Boards of Canada – “Tomorrow’s Harvest”
Boards of Canada, if you’re moderately into your electronic/ambient music, is a duo that should be a part of your ‘A B C’. Probably thee perfect description I’ve ever read of them is “the Neurosis of electronic music”. The band has been known for releasing definitive albums that has captured fans from listeners outside the genre (Gyroscope and You Could Feel The Sky used in the black metal documentary “Until The Light Takes Us” is probably a big contributor). In other words: Boards of Canada are giants in the electronic music.
“Tomorrow’s Harvest” is another great release by the group, venturing even further into the pure ambient style that they have been known to venture into in the past. The opening track, Gemini, begins the album with a jingle that you’d expect from the early-80s cinema adverts, and then wavering into a brief use of strings and warped synths, as if channelling through a disturbed radio reception (the concept revisited later with Telepath and Uritual). This sets up the rest of the album like a post-apocalyptic broadcast, at moments picking up the pace but then retaining a sense of calm throughout.
If you were a fan of (or just listened to) Röyksopp’s 2010 release “Senior”, then it’s a very similar vibe here. If you’re willing to sit through 17-tracks of luscious ambient soundscapes and chilled beats (for the most part), then this is definitely for you. Boards of Canada just flow through song after song of blissful yet haunting melodies and progressions. A real nice, solid release.
oOoOO – “Without Your Love”
Over a year or so ago, a genre started to make some waves that was hard to ignore, especially for anyone into electronic music. That genre is (or was, depending on how relevant you might think it is now) Witchouse; a section of electronic music that dabbled heavily in the dark ambience and hip-hop beat orientation. Personally, a lot of bands were too much alike in the rise of this style, but oOoOO were an exception.
This is their first full-length release after a handful of EPs and singles that have all been very impressive so far, but how does oOoOO work with an album template? Not as well as you might expect from previous releases. While there’s some real nice moments on here – the throbbing bass and drums of Stay Here (slightly ruined, personally, by the male autotuned vocals – which actually work with On It) and the infectious and heavy trap The South – a lot of this is just decent. Never boring you but not grabbing your attention either (apart from The South).
Admittedly, it is an album that works better through headphones than in open space, unless you have a stereo system with a lot of bass boost. It basically sounds ideal for a night of intimacy with your partner. It has what makes oOoOO so seductive: the soft female vocals, the deep bass, the supernatural synths… but there’s a fair pop feel here as well. It really does feel like the standard quality of his EPs has been stretched for the full album and thinning as a result. Still there, but thinning.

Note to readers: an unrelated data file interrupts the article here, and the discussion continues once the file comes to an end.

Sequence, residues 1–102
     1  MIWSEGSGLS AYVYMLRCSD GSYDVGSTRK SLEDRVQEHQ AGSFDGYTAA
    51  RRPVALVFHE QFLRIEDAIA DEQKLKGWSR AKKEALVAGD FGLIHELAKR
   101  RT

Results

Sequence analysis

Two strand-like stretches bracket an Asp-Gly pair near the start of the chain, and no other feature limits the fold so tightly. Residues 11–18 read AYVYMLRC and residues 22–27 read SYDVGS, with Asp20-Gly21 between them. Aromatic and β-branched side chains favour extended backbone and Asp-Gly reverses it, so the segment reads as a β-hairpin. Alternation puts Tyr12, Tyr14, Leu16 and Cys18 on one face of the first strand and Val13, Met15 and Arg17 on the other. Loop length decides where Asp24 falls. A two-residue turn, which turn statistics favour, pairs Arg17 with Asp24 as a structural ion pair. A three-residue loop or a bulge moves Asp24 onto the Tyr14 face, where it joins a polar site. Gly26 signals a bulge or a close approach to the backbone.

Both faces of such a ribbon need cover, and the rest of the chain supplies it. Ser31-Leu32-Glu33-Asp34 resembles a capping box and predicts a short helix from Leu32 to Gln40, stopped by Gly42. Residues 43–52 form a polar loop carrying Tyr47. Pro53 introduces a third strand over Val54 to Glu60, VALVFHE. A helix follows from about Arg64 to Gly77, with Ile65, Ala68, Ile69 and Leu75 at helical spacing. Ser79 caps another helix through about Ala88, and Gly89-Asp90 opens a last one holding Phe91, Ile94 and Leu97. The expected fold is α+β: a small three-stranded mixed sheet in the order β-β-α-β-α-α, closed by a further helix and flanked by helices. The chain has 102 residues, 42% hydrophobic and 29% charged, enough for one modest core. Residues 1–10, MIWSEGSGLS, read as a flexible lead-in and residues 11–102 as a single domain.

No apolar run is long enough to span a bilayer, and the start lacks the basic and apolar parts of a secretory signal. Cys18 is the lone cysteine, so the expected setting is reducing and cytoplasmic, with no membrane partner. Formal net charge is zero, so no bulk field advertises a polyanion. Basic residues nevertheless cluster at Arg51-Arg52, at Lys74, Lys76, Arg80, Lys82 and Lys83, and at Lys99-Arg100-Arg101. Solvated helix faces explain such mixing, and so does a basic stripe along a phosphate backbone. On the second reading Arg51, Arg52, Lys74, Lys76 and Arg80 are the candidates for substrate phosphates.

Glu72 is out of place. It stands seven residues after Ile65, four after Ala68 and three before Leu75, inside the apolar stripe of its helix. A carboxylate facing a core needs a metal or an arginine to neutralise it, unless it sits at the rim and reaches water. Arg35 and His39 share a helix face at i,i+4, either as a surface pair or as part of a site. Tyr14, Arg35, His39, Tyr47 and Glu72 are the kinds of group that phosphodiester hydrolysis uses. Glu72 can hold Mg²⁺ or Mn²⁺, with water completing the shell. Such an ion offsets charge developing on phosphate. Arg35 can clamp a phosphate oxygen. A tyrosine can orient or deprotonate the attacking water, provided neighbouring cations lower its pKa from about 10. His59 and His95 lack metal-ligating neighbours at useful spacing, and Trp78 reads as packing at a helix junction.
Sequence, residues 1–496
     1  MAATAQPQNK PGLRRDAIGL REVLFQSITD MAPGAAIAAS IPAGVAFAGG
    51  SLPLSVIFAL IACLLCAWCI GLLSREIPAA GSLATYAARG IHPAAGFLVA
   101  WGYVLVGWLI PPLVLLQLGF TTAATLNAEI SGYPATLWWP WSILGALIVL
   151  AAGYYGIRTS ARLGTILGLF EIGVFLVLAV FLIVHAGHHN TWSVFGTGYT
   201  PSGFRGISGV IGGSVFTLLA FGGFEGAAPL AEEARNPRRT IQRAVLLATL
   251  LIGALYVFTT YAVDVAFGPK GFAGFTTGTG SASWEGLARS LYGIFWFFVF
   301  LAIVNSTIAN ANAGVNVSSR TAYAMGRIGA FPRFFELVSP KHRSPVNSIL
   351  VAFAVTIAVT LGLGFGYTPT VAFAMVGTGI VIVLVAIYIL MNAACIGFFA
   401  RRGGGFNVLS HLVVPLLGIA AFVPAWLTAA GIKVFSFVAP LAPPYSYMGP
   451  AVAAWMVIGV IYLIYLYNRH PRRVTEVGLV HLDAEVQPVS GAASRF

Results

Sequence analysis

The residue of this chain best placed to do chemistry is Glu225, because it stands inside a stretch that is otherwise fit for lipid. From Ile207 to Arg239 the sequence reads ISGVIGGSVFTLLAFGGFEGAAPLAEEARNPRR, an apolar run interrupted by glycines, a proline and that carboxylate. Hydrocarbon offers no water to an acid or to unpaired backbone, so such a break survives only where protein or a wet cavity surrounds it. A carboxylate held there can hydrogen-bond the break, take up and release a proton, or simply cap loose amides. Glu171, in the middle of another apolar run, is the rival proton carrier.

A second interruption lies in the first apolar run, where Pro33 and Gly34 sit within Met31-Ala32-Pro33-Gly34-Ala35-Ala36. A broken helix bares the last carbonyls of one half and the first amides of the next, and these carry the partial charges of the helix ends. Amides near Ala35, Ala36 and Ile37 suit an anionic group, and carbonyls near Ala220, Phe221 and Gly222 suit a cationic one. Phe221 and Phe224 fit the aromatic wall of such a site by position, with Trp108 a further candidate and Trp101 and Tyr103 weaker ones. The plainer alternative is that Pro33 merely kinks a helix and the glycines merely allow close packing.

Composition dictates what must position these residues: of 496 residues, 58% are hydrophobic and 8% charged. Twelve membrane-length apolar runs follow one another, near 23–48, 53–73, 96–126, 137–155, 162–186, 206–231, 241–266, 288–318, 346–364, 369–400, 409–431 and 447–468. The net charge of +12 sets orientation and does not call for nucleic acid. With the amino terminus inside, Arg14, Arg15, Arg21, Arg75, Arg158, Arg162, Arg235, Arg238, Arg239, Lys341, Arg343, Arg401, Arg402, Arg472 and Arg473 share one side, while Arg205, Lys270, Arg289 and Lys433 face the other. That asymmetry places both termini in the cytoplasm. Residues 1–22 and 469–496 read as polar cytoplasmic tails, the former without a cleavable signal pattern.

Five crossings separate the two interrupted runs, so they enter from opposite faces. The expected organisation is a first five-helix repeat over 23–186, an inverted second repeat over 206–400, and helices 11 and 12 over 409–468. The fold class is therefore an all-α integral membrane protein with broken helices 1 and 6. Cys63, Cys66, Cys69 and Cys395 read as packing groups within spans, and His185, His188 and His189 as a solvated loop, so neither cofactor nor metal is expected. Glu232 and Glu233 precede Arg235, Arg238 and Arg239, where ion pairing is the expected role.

Palms – “Palms”
Palms is the long-awaited collaboration between Deftones frontman Chino Moreno and the majority of the members of Isis – two very big names to come together and a concept to be excited about. This is their first release, a full-length album, and gives a different approach than one might expect of this meeting of minds.
If you’re expecting heavy moments, forget it, there is none – which does come as a big disappointment, personally. The majority of this album concentrates more on the post-rock side of things – sometimes the guitars a reminiscent of that the last Isis album “Wavering Radiant” . There are also moments where the band slides into Deftones’ atmospheric moments on “Saturday Night Wrist” pretty comfortably, but almost too much.
While this is far from horrifying or ‘bad’, it is pretty monotone. The pace is the same throughout and the album as a whole feels linear and tasteless. As a big fan of all things Chino related (Deftones, Team Sleep and Crosses) and a fan of Isis, this is a pretty unexpected disappointment. However, if you’re expecting the delicate textures that either have been known to utilize, then this will probably be a big welcome.
Black Swan – “Redemption”
Black Swan is a drone ambient project… that’s pretty much all I could tell you about it because little-to-nothing is known about the person behind it, other than having released a good lot of stellar releases over the past few years. “The Quiet Divide: A Symphony of Misery and Sorrow” had a haunted feel throughout (in the same sense as Stephen King’s Overlook Hotel in The Shining – damned by memories from different time periods) that numbs my brain. “Aeterna” had a similiar feel, while “Heaven” was a more straightforward ambient ordeal, still mesmerising all the while.
How does the fifth release stand? Brilliantly. As mentioned earlier, Black Swan’s releases sometimes feel like audio images of different times and eras. “Redemption” on the other hand feels like a progression. Through what? Maybe dying, maybe living. In a lot of ways, it feels like it’s on the same plane as The Haxan Cloak’s “Excavation”. The opening track Redemption (Overture) starts the album on quite a positive note with quivering strings and a massive orchestral progression, played through an eternity of time and space. However, by the fourth track Evermore, things take a dark turn which smoothly strengthens over the rest of the album (lightening slightly over Black Horizon and Fading Glory).
Simply put: it’s a magical album. “Redemption” cements Black Swan as one of the most fluent producers of beautiful and transcending drone ambient music at this current time. It’s almost frustrating to think that this release may not be recognised or put on the same pedestal as works by fellow ambient masterminds Stars Of The Lid or Brian Eno often are… but hopefully one day it will.